Thursday, February 5, 2009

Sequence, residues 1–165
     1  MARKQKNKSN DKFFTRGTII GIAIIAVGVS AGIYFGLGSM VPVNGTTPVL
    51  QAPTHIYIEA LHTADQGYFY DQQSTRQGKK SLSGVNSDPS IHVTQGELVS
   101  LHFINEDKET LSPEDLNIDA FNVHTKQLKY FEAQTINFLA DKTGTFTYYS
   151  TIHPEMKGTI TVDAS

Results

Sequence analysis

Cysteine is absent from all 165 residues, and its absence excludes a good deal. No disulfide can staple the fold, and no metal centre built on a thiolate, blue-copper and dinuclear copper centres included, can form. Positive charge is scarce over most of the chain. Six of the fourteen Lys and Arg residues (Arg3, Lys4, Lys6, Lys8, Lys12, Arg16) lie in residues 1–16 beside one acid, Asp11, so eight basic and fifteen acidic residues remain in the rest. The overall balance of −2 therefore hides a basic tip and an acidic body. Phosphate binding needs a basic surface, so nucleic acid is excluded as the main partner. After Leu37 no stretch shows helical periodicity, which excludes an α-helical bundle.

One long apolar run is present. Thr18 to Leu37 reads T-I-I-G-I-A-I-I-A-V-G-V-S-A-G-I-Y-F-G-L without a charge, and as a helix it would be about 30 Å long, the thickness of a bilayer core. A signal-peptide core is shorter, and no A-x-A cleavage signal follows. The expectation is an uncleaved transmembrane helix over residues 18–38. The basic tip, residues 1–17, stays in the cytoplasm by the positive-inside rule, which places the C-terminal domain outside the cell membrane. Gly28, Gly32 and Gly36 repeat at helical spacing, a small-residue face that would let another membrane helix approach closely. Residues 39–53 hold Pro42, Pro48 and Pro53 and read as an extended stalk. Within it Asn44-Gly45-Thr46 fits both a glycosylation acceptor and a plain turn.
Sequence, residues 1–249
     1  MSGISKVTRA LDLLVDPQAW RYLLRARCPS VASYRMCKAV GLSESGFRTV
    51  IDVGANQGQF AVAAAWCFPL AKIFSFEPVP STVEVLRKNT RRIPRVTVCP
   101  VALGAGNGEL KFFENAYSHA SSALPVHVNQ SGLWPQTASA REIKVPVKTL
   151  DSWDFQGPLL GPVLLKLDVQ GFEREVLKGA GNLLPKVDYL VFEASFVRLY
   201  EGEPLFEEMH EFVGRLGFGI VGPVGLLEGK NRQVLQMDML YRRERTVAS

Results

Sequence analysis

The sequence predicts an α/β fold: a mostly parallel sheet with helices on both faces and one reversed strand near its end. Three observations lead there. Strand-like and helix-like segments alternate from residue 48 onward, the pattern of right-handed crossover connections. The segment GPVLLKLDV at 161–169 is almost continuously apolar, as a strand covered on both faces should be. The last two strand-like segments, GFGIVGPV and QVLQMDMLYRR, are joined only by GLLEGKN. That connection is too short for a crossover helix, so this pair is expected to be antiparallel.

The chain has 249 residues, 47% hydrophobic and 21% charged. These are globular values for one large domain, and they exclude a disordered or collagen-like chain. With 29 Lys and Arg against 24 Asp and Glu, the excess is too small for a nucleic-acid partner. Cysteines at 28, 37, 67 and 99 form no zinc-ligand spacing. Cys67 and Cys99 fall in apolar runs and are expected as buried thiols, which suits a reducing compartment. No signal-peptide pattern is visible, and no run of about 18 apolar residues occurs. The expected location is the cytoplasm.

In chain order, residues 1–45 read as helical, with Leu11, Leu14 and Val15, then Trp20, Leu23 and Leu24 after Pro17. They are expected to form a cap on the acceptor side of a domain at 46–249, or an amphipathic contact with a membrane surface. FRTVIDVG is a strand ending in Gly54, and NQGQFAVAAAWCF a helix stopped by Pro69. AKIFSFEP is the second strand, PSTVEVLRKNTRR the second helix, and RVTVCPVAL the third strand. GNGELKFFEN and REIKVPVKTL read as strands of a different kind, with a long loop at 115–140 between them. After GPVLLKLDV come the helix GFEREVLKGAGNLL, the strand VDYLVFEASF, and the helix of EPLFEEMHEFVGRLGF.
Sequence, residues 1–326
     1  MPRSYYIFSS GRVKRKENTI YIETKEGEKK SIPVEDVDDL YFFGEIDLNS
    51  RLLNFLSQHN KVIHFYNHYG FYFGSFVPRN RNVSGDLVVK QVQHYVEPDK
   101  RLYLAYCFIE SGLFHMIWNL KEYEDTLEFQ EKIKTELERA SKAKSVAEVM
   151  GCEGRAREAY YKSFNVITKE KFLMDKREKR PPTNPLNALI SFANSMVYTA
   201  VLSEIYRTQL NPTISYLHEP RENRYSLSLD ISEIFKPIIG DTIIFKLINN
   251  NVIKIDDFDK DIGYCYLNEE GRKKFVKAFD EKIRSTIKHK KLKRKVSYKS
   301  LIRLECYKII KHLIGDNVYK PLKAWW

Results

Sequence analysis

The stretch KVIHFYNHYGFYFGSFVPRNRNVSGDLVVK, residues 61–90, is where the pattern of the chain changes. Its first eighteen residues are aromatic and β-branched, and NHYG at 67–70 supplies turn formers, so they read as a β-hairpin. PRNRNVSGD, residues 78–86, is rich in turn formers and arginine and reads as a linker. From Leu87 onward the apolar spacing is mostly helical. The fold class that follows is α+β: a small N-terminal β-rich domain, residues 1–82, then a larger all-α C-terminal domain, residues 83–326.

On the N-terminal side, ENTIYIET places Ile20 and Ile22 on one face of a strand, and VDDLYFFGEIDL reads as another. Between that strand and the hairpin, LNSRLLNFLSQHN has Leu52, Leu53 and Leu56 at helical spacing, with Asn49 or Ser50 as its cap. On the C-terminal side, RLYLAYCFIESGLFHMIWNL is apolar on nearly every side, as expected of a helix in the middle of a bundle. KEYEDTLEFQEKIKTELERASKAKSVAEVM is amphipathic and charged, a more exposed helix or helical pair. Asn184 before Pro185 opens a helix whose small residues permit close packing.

When Bob began to do research for this trip he ran into discussions on the web, and even in some articles, about various reasons to either not come, or to spend a lot of energy on security. We heard about bandits, theft and the terribly dangerous roads. Since we have been down here we have completely gotten over any concerns about the roads. They are fairly narrow and have very limited shoulders, but if approached at moderate speeds and with two hands on the wheel, they are not a problem. We have honored the admonition not to drive at night – it seems to us like a wise one. We have not run into anyone who has had experience with being robbed in person. We have heard credible stories of people having things stolen from their campsite at night or when unattended, but have not actually talked to anyone who had the experience directly. However it is clear there is a huge wealth differential between the North American travelers and the local Mexicans, so it would seem reasonable that theft could occur, just as it has (to us) in Costa Rica and the Turks/Caicos. People who were already poor and just getting by have been hard hit by the dramatic drop in tourists, and we suspect, for example, that some of the vendors who sell to tourists may occasional resort to theft to put food on the table. One of the stories we heard before we came was about corrupt cops. The best way to avoid this problem of course is to obey the traffic laws and stay on the straight and narrow. However we did meet one fellow who told us that in La Paz he drove through an intersection at 2 miles an hour, and was stopped by the cops who had parked their van in such a way as to obscure the stop sign. He said they asked him for $200, or threatened him with a trip to the police station. He paid, he left La Paz mad, and was headed for the border as fast as he could get there – never to return. We suspect his story will be told many times, growing with each retelling, and convincing a lot of people not come to Mexico! They will be missing a lot of beauty and a wonderful culture, just to avoid a $200 expenditure. In talking over the story with some old Baja hands, they concluded that the guy probably was right about what had happened, but had misinterpreted the request, which was probably for 200 pesos ($15), which is apparently the more typical honorarium. These old hands in fact recommend that we just put a 200 peso note behind our driver’s license, and if stopped, hand over the money and drivers license together, and likely you’ll be waved on with some sort of vague warning. We’ve implemented the recommendation and hope that now that we have, we will never have the opportunity to try the system out.